WATERLOO – Last week officials announced KidsAbility will be forced to layoff half its autism staff as a direct result of the provincial government’s changes to the Ontario Autism Program.
However, on July 29, the government announced it would examine a “new needs-based and sustainable autism program.”
“My message to families of children and youth with autism is, we have heard you, and we are taking action,” said Todd Smith, minister of children, community and social services, in a press release.
“Our government is committed to a needs-based program that provides children and youth with the supports they need to thrive.”
Yet the announcement is not enough for KidsAbility to change its plan to lay off 20 to 25 autism staff members, about half the workforce, in January. These layoffs are in addition nine staff reductions announced in March, when the budget was cut by 25 per cent.
KidsAbility CEO Linda Kenny said KidsAbility has yet to receive official communication from the government about updated program changes.
“Once we have that in writing with what their intent is with respect to organizations like KidsAbility, then we can determine at that point whether we need to take another look at our plan,” Kenny told the Advertiser.
“We have the same information you have, which is what we heard yesterday on the announcement.”
Reacting to the KidsAbility layoffs, OPSEU President Warren (Smokey) Thomas called the government’s previously-announced autism policy changes “disgraceful.”
“Doug Ford and his government are picking on children in this province,” stated Thomas in a press release.
“The man who claims to be ‘for the little guy’ has targeted the most vulnerable members of our society through cuts to child care, education, foster care and, in this case, autism services.”
Lack of communication aside, Kenny said she’s happy with the government’s announcement to re-evaluate a needs-based program.
“We’re optimistic that we will hear from government,” she said. “And that will give us a bit more direction and then we’ll be pleased to take another look at our plan at that point.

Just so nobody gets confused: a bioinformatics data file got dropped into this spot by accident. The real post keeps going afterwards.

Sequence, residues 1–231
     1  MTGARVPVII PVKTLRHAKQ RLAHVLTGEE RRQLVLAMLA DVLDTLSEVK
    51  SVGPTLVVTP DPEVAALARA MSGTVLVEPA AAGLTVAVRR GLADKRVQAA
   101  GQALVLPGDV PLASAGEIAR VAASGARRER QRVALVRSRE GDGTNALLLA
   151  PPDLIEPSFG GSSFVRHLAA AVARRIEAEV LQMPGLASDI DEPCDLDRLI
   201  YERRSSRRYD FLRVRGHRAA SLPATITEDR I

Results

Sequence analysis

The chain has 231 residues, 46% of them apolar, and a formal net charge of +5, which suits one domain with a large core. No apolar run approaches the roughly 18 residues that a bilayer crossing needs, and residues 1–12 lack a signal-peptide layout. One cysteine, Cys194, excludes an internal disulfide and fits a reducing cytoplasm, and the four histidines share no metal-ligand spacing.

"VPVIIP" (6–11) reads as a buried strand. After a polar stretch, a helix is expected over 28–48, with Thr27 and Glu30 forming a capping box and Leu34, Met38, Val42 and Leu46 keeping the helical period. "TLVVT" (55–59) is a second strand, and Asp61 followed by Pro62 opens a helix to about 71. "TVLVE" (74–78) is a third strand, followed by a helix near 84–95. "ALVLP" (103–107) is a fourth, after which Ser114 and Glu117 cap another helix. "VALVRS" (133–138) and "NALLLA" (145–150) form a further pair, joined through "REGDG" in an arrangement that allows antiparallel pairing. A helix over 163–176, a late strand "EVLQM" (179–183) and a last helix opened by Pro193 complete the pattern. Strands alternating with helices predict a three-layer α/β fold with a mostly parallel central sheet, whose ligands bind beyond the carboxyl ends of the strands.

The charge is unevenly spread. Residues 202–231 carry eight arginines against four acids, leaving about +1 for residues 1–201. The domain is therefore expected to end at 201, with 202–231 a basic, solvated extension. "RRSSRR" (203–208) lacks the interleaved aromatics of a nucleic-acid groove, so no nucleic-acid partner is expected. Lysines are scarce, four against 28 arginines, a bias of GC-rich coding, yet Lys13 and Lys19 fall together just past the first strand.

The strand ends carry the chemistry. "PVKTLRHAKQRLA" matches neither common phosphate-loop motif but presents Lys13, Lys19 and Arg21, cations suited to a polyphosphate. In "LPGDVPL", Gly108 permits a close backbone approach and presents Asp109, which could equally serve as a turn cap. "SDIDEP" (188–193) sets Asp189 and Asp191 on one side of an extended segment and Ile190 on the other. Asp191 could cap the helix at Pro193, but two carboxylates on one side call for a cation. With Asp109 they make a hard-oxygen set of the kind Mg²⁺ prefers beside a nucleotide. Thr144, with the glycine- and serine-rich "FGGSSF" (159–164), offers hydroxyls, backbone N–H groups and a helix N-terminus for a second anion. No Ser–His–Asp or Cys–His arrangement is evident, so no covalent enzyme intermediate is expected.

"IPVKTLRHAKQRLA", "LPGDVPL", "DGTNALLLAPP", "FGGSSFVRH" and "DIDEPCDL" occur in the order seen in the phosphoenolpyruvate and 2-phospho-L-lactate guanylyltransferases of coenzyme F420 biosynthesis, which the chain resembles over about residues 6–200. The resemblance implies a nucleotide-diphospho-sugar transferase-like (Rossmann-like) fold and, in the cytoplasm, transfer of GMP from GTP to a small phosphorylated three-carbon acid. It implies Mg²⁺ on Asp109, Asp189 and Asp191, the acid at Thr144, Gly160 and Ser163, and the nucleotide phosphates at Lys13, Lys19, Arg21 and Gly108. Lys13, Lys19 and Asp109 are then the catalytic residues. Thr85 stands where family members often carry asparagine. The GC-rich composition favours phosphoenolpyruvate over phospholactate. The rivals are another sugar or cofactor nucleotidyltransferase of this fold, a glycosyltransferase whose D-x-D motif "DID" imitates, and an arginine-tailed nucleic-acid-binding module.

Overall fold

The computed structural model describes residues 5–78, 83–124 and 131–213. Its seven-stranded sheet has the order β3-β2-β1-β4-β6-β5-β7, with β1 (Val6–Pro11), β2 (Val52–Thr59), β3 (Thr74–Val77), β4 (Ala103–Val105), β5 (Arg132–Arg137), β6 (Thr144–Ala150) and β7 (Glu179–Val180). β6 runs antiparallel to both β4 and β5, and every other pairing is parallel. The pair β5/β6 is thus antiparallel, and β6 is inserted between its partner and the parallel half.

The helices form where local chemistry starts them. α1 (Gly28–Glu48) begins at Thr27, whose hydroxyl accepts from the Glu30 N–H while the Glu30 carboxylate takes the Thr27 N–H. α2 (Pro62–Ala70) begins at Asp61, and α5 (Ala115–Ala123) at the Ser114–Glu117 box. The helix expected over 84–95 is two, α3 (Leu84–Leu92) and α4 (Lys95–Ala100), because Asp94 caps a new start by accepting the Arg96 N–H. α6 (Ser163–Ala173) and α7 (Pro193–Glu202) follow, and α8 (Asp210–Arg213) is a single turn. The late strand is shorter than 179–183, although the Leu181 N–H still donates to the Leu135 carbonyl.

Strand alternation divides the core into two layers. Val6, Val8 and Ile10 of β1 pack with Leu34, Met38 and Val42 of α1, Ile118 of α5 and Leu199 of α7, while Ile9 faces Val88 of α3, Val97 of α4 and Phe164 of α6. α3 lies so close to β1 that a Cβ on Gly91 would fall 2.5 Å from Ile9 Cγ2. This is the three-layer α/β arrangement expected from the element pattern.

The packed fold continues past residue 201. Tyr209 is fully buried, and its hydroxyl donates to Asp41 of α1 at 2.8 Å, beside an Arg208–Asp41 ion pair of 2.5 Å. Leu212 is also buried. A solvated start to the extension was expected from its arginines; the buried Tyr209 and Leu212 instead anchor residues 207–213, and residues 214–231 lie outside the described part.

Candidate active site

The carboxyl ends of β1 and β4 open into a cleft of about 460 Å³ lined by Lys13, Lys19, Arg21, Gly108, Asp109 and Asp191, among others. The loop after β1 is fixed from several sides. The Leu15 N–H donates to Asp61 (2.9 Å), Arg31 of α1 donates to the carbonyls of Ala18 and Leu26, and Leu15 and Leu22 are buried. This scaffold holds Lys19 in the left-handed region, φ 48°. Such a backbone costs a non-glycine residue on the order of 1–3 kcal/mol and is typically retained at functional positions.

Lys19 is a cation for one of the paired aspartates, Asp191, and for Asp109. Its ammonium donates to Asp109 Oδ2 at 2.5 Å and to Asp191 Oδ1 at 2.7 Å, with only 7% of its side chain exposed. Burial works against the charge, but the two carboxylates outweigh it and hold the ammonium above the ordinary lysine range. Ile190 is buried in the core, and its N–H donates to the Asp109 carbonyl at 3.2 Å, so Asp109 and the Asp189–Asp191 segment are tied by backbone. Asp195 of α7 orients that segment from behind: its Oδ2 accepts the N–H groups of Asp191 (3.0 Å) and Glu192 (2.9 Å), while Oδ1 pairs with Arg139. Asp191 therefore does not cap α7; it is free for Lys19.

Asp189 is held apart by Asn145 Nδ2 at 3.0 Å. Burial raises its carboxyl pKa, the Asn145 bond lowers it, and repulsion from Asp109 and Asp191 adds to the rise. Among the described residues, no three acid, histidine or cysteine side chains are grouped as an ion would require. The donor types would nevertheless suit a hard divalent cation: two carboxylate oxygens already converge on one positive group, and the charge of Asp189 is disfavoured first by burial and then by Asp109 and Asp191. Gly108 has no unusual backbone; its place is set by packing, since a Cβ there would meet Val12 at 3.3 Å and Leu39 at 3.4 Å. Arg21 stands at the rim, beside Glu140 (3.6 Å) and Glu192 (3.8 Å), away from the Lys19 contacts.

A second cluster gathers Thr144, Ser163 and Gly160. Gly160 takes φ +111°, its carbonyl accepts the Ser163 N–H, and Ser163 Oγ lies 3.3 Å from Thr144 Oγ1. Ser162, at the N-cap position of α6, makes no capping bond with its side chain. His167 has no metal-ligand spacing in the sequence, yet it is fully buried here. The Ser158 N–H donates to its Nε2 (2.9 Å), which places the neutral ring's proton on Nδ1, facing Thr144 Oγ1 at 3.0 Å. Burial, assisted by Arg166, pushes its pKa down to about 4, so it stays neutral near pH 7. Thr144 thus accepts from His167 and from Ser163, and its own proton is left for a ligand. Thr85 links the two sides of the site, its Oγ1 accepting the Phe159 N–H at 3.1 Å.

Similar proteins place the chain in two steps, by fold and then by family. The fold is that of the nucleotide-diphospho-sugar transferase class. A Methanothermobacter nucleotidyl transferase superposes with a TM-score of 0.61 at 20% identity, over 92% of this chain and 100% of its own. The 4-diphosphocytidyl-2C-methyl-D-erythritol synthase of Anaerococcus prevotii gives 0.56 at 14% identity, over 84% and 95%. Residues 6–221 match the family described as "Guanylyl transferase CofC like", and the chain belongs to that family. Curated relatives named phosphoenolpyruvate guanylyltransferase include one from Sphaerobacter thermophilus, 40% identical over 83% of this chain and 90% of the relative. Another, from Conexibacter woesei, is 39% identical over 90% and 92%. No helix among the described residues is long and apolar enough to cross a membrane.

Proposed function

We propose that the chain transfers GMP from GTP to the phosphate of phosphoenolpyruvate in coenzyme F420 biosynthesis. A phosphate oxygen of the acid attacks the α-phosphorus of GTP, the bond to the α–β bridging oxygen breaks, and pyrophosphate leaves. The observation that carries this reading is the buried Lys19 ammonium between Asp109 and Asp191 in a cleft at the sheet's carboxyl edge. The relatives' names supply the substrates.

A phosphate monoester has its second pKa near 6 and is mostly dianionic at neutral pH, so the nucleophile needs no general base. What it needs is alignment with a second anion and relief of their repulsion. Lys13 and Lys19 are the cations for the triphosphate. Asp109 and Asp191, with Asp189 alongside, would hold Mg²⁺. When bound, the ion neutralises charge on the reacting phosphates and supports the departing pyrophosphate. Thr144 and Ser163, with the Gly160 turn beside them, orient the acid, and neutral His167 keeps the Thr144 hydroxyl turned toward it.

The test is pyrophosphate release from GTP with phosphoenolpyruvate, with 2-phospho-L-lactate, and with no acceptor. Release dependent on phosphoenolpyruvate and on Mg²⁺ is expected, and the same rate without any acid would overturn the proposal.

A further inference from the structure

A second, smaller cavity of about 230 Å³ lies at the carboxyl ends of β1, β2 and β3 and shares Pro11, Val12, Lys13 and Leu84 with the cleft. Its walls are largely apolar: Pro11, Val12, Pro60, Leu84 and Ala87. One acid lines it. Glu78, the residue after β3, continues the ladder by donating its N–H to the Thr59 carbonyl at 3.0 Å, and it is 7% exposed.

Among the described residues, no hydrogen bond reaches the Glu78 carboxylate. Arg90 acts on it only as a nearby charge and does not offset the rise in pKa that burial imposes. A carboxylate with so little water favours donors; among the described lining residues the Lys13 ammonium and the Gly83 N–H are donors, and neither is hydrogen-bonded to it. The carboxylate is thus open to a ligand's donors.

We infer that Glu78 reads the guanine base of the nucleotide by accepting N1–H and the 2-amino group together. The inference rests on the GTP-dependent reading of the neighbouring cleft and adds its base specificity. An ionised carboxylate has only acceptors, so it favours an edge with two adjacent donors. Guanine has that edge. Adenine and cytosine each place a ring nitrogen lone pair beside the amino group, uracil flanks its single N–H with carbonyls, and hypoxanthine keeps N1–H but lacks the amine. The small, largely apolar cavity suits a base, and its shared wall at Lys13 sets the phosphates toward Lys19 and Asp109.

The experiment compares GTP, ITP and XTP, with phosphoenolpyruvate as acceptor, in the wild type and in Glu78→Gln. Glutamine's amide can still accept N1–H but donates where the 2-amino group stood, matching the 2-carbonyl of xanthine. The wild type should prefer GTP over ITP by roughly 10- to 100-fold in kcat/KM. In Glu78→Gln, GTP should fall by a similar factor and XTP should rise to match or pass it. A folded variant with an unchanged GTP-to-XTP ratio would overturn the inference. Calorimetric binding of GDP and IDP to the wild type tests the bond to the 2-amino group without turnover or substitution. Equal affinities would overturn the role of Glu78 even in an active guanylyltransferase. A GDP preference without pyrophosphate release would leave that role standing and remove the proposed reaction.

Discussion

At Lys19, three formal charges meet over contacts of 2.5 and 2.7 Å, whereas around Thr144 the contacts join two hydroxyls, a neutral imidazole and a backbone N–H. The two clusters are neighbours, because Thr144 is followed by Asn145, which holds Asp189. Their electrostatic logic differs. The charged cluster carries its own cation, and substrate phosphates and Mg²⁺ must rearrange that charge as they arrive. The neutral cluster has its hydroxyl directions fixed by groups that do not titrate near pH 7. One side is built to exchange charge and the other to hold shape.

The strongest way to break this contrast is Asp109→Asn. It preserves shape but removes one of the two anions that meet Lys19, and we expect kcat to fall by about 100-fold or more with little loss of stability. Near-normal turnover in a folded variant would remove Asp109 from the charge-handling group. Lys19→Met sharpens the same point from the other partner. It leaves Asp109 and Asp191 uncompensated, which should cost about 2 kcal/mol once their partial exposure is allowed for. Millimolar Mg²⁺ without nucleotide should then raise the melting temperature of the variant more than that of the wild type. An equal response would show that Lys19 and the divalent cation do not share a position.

“And we’re pleased that they recognized that they needed to reset and go back to the drawing board on the plan itself.”
The government also announced on July 29 that families will be able to extend their Ontario Autism Program Behaviour Plans for another six months after its end date.
“We need to determine what the implications of that are for our plan,” Kenny said.
“We don’t, at the moment, have any more money.
“Our budget hasn’t changed until we hear something different from the government.”
The budget is set until March 31 and as of April 1, KidsAbility is scheduled to be completely de-funded.
“In light of yesterday’s announcement we don’t know whether or not that’s changed and until we get information to suggest that it has changed, there’s nothing we can change about our plan,” Kenny said.
The Guelph KidsAbility autism program serves Wellington County residents, but Kenny said she didn’t know the breakdown of how many staff would be laid off from the Guelph office specifically.
“Our layoffs will occur in accordance with our collective agreement … so … we won’t be able to specifically say, ‘here’s the impact on Guelph’ until the dust settles on everything,” Kenny explained. “We’re laying off half of our staff and that’s based on seniority.”
The remaining staff will be redistributed throughout offices in Fergus, Guelph, Cambridge, Kitchener and Waterloo to fill the need.
KidsAbility’s most recent plan features fee-for-services offerings and the government’s new “childhood budgets” will help families with the cost.
Children under the age of six will be eligible to receive $20,000 annually in direct funding while those six and over are eligible to receive $5,000 annually up to a lifetime maximum of $140,000.
Under the current model, organizations like KidsAbility are funded and the clients receive their services at no charge – it’s the government that is billed. Now families will be billed.
Kenny said she’s concerned for the families who are too overwhelmed to make independent decisions about services.
“Our fear is that those families will fail in this kind of system,” she said.
Come April 1, KidsAbility plans to charge families on an hourly basis or on a services basis.
“We expect that it will have ripple effects through the entire program,” Kenny said.
“We think that what is happening with the autism program has the potential to happen with other services.”
KidsAbility assists over 11,000 children and youths – and their families – with almost 1,500 on a waiting list for services.
The government’s 20-member autism advisory panel consists of children with autism, clinicians, autism self-advocates, service providers, former public servants and others.
The advisory panel will be looking at online surveys, telephone town halls, written submissions, evidence, science and data to come up with recommendations for a new, needs-based and sustainable Ontario Autism Program, according to a government press release.